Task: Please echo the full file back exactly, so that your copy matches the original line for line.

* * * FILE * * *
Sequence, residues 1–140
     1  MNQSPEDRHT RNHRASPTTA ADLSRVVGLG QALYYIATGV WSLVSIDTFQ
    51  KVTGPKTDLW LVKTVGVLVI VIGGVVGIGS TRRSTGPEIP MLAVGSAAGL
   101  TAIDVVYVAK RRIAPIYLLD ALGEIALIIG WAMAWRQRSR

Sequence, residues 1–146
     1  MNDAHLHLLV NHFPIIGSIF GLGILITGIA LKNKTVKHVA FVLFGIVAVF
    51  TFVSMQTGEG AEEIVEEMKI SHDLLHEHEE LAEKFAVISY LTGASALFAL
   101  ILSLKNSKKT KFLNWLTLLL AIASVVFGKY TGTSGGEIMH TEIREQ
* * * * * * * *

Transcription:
Sequence, residues 1–140
     1  MNQSPEDRHT RNHRASPTTA ADLSRVVGLG QALYYIATGV WSLVSIDTFQ
    51  KVTGPKTDLW LVKTVGVLVI VIGGVVGIGS TRRSTGPEIP MLAVGSAAGL
   101  TAIDVVYVAK RRIAPIYLLD ALGEIALIIG WAMAWRQRSR

Sequence, residues 1–146
     1  MNDAHLHLLV NHFPIIGSIF GLGILITGIA LKNKTVKHVA FVLFGIVAVF
    51  TFVSMQTGEG AEEIVEEMKI SHDLLHEHEE LAEKFAVISY LTGASALFAL
   101  ILSLKNSKKT KFLNWLTLLL AIASVVFGKY TGTSGGEIMH TEIREQ